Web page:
by Kishore Shah

The 1999 International Interfaith Centre (IIC) Autumn Lecture, organised in co-operation with the World Faiths Development Dialogue (WFDD), was held on the evening of October 14, 1999 at Mansfield College, Oxford…

Andrew Rogerson, the World Bank Representative for United Kingdom and Ireland,… explained how the World Bank was trying to put new approaches into place by assisting governments in developing countries to develop their own strategies. The new approaches are rooted in more humility and underline the need to develop greater understanding. The Comprehensive Development Framework (CDF) being piloted in about a dozen countries was an important step in this direction. The CDF process begins with identifying priority needs for the next fifteen to twenty years, and developing strategies to meet these needs with various institutions, from international to grassroots, acting in co-ordination. Changes are not likely to happen overnight and provide a major challenge for economists who are not used to dealing with intangibles such as culture and values.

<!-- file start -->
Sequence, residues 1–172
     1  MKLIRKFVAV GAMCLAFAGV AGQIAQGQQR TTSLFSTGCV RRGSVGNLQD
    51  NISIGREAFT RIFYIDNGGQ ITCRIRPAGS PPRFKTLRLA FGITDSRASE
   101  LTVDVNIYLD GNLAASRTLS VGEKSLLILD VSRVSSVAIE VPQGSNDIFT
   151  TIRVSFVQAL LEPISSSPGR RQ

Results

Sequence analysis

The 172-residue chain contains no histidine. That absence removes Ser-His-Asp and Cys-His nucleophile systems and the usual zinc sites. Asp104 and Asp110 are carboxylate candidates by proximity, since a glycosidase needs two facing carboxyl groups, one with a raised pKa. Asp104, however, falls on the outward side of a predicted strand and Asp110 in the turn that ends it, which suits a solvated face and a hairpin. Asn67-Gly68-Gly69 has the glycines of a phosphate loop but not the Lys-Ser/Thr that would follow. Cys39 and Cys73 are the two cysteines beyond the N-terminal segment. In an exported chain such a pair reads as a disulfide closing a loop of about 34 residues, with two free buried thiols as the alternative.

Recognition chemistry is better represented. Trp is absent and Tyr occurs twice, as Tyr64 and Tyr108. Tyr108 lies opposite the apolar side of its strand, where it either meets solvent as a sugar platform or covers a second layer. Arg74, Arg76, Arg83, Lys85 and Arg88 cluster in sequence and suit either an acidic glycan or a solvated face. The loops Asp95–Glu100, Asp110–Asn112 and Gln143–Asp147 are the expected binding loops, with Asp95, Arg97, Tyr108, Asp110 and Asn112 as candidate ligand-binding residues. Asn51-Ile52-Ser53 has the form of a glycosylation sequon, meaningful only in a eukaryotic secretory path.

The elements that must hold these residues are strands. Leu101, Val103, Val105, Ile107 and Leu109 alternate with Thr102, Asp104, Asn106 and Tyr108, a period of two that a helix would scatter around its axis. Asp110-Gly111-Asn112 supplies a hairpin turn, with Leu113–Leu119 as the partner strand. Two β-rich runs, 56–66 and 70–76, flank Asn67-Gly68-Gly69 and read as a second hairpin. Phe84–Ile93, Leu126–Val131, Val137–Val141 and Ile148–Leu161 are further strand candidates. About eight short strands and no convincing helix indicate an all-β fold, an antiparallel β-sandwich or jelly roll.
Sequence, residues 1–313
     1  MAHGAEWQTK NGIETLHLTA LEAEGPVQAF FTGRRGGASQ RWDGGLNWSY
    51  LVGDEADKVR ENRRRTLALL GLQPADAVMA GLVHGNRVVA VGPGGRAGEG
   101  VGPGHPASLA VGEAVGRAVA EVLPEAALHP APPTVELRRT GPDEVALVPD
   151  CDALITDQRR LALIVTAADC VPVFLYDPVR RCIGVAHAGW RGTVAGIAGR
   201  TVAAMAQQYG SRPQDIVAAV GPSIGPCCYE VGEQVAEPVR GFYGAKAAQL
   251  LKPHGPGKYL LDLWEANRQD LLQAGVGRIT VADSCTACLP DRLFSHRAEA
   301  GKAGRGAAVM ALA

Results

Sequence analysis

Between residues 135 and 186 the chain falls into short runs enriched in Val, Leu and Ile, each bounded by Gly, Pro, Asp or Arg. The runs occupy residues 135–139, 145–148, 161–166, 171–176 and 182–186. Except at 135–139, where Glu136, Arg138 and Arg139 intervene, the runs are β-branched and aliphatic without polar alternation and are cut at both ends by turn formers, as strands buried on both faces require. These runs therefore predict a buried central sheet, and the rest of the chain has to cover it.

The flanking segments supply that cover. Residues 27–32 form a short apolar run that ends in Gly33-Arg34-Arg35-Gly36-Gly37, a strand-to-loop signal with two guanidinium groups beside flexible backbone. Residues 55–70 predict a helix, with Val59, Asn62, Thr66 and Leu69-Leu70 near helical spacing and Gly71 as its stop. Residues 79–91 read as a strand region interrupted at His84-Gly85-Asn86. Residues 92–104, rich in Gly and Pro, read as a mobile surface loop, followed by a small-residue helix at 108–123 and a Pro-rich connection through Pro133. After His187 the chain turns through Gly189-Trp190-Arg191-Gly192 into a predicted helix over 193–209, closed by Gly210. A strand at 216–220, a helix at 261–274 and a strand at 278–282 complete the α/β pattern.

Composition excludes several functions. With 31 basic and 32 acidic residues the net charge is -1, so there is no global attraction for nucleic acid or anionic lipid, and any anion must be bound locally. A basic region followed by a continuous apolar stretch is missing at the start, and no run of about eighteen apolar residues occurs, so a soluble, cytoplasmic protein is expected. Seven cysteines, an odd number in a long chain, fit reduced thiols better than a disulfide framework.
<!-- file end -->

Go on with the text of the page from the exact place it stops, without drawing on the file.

It is in this context that Andrew Rogerson felt that a dialogue between faith groups and the World Bank has become necessary. No technical agency, he said, could make changes on a significant scale (‘scale up’) without making alliances. The faith communities, who often are natural advocates for the poor and have an impressive repository of grassroots experience, can help the World Bank by bringing in the missing perspective and to understand the intangibles. The World Faith Development Dialogue (WFDD) is a sincere attempt to build up a dialogue between the faith communities and the World Bank. It is neither a forum for negotiations nor for confrontations. In Tanzania, for instance, it is providing an opportunity for faith groups, who supply 40% of all health services, to influence policy.

For full report go to IIC Newsletter 12